On the other hand, Mulan has one awesome thing going for it that, so far as I remember, none of the other Disney Princess movies have had thus far: Mulan herself is the one who takes down the bad guy.

bad-guy-defeat

Oh, okay, Mushu technically sets off the giant firework rocket. But it’s Mulan’s plan, and she’s the one who knocks Shan Yu down and traps him with his own sword, so that he can’t escape when the rocket hits him, carries him away, and explodes. (This is, by the way, a total Broken Arrow death, and I LOVE it. Okay, it’s not quite as ridiculous because Shan Yu isn’t a crazy person who manfully stands up to the rocket like John Travolta, but still. Made me laugh.) Generally in Disney movies, the love interest kills the villain, or the villain dies due to his particularly poor strategic planning, or even occasionally because of the clear will of God, as evidenced by an exceptionally convenient bolt of lightning. The final battle between Mulan and Shan Yu is entirely different, however, and is absolutely one of my favorite things in this whole movie.

9. I am kind of disappointed that Mulan goes home, though, and doesn’t stay on as an advisor to the Emperor, mostly because I don’t have a great idea of what she’s going to do there but marry Shang, and you already know how I feel about that. Not that in theory I have any problem with her wanting to go home and spend time with her parents, if that’s what’s going to make her happy, just . . . I guess I don’t have a firm grasp on what she wants for herself, either at the beginning or at the end of the movie. She saves her father, which is bold. She saves China, which is badass. But, perhaps erroneously, I guess I never got the impression that what Mulan wanted more than anything was to settle down at home with a husband, so when it seems like that’s how her story is going to resolve . . . it feels off to me, somehow.

10. Finally, some random notes:

10A. This is probably not the first Disney movie to make a boob joke, but it’s the first one that comes to mind. (Well. Ursula does sing about body language, although that’s not explicitly boobs. I’ll let you be the judge of this one.)

10B. I would probably think a lot more of Shang if he had dressed up as a courtesan with the other guys.

drag

Seriously, I might have turned right around on him. Alas, such was not the case because Shang is all Dignified and Manly. (I must admit that, at first, I didn’t entirely get their plan, so I found myself thinking, Guys, don’t get me wrong, I’m loving the reversal here, but . . . why do you have to dress up like girls to climb a wall again?)

10C. Confession: I like Little Brother, the dog, a bit more than I like Mushu.

10D. The lucky cricket’s name is Cri-Kee? Oh, Disney.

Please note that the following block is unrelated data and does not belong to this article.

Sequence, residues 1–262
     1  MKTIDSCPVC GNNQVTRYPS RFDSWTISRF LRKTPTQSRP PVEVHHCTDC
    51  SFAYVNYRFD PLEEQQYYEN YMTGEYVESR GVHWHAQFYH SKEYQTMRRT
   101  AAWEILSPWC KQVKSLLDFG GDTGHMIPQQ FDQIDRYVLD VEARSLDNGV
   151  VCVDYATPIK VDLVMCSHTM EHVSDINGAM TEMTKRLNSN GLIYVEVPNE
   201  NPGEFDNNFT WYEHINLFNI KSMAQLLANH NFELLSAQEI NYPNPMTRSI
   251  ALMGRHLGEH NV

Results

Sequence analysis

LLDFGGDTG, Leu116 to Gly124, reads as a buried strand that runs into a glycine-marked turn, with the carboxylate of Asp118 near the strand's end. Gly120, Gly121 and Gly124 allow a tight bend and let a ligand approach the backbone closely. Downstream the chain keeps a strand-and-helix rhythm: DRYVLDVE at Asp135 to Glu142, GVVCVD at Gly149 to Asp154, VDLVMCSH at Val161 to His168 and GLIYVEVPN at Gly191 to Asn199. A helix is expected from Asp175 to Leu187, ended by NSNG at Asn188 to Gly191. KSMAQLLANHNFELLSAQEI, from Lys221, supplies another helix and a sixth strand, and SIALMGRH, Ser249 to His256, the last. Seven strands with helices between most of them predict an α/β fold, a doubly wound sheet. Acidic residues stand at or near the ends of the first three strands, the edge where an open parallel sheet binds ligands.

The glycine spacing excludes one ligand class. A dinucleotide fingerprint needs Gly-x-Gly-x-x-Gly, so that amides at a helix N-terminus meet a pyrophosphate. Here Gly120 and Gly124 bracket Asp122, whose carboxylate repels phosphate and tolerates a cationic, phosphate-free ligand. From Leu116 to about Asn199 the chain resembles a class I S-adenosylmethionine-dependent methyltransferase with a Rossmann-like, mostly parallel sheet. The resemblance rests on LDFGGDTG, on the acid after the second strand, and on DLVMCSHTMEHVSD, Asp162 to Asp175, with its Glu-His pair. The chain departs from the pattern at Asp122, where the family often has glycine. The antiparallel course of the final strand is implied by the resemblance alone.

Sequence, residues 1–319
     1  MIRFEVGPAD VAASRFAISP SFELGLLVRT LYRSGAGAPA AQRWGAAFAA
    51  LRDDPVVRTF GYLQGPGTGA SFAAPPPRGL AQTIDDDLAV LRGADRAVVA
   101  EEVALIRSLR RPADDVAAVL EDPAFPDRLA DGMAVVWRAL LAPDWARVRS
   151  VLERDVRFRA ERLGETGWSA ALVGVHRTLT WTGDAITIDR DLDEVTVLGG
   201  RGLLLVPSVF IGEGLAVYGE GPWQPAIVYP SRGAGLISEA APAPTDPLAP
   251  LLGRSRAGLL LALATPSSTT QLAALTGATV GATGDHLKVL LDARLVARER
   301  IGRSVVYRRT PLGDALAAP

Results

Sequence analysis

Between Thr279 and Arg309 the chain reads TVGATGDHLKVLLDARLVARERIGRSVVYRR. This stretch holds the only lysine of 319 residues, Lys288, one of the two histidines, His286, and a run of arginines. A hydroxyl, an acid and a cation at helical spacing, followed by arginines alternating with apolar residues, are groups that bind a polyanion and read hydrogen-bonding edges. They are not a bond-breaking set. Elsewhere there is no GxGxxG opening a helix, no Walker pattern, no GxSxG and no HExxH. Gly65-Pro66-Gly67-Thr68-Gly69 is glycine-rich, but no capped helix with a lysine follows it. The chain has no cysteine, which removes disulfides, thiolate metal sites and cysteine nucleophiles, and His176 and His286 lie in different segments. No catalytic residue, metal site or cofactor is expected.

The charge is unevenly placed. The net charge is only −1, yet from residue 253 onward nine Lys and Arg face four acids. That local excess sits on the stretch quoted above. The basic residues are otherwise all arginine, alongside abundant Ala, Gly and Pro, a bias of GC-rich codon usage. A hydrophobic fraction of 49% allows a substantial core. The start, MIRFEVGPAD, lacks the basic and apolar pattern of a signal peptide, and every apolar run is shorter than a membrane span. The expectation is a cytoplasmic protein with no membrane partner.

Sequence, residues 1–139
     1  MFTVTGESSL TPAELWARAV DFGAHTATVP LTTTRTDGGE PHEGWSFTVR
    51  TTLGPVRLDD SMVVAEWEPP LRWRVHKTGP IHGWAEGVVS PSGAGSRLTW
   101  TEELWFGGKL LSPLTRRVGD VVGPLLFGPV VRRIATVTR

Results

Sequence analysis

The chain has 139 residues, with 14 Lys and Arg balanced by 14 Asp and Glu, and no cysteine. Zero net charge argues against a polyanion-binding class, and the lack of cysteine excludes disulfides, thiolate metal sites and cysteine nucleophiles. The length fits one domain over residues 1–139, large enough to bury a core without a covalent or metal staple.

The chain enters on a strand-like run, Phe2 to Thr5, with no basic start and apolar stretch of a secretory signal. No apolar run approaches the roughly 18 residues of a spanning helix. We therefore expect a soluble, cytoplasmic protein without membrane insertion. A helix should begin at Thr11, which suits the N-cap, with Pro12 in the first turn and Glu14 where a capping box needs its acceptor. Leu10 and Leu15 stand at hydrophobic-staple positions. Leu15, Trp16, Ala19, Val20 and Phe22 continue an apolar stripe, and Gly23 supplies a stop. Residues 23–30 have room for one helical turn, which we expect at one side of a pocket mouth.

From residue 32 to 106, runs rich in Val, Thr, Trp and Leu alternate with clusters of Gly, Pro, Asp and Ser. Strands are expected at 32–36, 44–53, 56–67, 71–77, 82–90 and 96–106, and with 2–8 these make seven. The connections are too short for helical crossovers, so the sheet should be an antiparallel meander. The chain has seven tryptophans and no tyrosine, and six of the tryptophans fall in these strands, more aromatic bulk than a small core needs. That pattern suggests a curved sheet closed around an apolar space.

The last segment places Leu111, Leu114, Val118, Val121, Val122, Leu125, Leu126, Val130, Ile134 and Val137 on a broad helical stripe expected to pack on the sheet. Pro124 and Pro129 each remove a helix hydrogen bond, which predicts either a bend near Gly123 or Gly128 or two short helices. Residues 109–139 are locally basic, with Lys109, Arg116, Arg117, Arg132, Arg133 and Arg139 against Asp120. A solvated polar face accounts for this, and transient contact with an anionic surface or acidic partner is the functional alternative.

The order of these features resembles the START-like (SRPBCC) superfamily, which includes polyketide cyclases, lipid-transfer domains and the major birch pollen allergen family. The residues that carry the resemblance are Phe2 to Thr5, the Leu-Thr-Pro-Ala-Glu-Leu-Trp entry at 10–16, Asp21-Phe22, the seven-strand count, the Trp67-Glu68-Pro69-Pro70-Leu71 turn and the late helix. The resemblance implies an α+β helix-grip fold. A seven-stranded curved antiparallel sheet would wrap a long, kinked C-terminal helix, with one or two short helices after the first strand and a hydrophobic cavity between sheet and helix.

10E. Finally, in regards to makeup:

makeup

My God, I have not been this envious of makeup since Total Recall. Look! Look at how easily it comes off! One swipe, and it’s gone! Science, you have given me vaccines. You have given me a way to talk to someone across the world from my couch. You’ve given me computers that are smaller than my hand. Can I please have a makeup remover that works this easily and instantaneously? THE WORLD IS WAITING FOR YOU, SCIENCE.

QUOTES:

Fa Li: “I should have prayed to the ancestors for luck.”
Grandmother Fa: “How lucky can they be? They’re dead.”

Mulan: “Would you like to stay for dinner?”
Grandmother Fa (in background): “Would you like to stay forever?”

Mushu: “My little baby, off to destroy people.”

Old Female Ancestor: “Your misguidance led Fa Deng to disaster!”
Fa Deng (holding his own severed head): “Yeah, thanks a lot.”

Mulan: “I never want to see a naked man again.”
(A huge group of naked men immediately run by.)

Mushu: “What’s the plan?”
Mulan: “Ummm . . . ”

(Mushu is searching for Mulan underneath the snow.)
Mushu: “Mulan!?”
(Mushu pulls Hun soldier up by the hair, and quickly pushes him back down.)
Mushu: “Nope.”

Mushu: “Did I hear someone ask for a miracle? Let me hear you say ‘aaah’!”
Mulan (frightened): “AHHH!”
Mushu: “That’s close enough.”

Mushu: “We’re gonna die! We’re gonna die! We’re definitely gonna die! No way we survive this! Death is coming!”

Fa Zhou: “I’m going to pray some more.”

(After having sent two enemy scouts back to deliver a message.)
Shan-Yu: “How many men does it take to deliver a message?”
Archer: “One.”

CONCLUSIONS:

I definitely enjoyed Mulan more than this review probably makes it sound. I especially liked Mulan herself, who’s an extremely enjoyable and active heroine. But though I acknowledge that I’m probably alone in this, making Shang a love interest really does bring the story down for me. (Though I am happy to hear, at least, that Disney is no longer planning to whitewash him in the eventual live-action update because that’s some serious bullshit. Still. I am absolutely down for an aro Disney Princess.)

MVP:

Ming-Na Wen

TENTATIVE GRADE:

B+

MORAL:

Anything a guy can do a girl can do better. Though they probably won’t take her seriously unless she’s wearing a boy’s clothes, or unless they literally see her blowing up a would-be assassin with a rocket.